While the reference cavity provides good short term stability, we notice a typical drift of several MHz/hour under typical laboratory conditions. This is largely due to external temperature fluctuations as well as drifts associated with the piezo-controlled mirror used for frequency scanning. To compensate this we chose to actively stabilize the length of the cavity to an absolute frequency reference. For this we use 767 nm laser light from a grating stabilized diode laser (the same used for trapping and cooling of ultracold potassium atoms). A couple of mW are passed through a heated potassium vapour cell (temperature 60°C) and by means of modulation transfer spectroscopy (MTS) [47, 48] we obtain an error signal for locking the laser to the (4s1/2, F = 2) → (4p3/2, F′ = 3) transition of 39K. This locking technique has the advantage of suppressing open transitions and crossover resonances while enhancing the cycling transitions, thus leading to a stronger and more robust error signal . The measured locked 767 nm laser linewidth is 120 ± 20 kHz. From this laser we pick off a few milliwatts which is then passed through a double-pass acousto-optical frequency shifter (Brimrose TEF-600-400) and an electro-optical modulator, driven with frequencies of approx 800 MHz and 6 MHz respectively, to generate carrier and sideband components. The radio-frequency signal applied to the frequency shifter is generated by a direct digital synthesizer (DDS) (Analog Devices AD9914) which can be tuned over a wide range. This light is then coupled into the reference cavity to generate an error signal using the Pound-Drever-Hall technique with a feedback bandwidth of approximately 10 Hz. The measured tuning range of the whole system (including the frequency shifter diffraction efficiency) is 700 MHz which is close to the free spectral range of the reference cavity. In a related experiment we have achieved an even wider tuning range and lower power requirements by using a fiber based EOM in place of the Brimrose frequency shifter. In the next section we present the characterization of the drift compensation setup using ultracold atoms as a frequency reference.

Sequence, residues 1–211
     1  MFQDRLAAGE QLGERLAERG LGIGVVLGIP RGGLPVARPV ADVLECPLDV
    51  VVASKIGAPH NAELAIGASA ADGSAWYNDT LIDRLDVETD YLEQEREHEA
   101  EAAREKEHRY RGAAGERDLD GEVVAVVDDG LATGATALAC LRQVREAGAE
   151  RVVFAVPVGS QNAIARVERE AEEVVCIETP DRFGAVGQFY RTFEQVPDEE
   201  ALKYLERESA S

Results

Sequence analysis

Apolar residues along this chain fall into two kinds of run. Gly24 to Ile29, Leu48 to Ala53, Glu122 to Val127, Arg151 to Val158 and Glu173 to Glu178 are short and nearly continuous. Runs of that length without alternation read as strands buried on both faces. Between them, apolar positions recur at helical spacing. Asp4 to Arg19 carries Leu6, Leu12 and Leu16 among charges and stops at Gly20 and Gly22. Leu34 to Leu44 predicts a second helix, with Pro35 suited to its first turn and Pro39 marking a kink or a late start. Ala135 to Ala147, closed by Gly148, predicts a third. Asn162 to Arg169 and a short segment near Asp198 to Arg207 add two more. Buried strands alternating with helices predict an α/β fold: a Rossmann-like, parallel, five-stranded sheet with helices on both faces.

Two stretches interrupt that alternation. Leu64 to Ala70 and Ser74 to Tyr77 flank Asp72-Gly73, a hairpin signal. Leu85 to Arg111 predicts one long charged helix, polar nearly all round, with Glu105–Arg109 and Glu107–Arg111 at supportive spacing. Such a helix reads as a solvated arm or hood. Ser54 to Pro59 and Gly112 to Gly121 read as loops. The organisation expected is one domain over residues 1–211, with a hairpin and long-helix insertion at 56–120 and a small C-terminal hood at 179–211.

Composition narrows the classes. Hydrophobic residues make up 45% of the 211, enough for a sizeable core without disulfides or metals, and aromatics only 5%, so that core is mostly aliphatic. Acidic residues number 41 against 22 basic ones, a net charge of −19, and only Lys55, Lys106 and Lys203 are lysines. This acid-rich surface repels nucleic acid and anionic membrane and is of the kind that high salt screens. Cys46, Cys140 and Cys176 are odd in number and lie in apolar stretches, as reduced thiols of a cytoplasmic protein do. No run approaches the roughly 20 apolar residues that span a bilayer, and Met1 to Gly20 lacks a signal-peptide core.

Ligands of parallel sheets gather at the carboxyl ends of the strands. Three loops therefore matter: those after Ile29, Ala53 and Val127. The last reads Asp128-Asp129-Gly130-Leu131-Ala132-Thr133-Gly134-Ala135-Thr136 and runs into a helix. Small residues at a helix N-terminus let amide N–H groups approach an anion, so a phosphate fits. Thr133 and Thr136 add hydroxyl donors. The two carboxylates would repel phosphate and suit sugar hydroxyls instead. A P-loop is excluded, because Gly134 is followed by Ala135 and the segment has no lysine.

5. Rydberg spectroscopy of ultracold potassium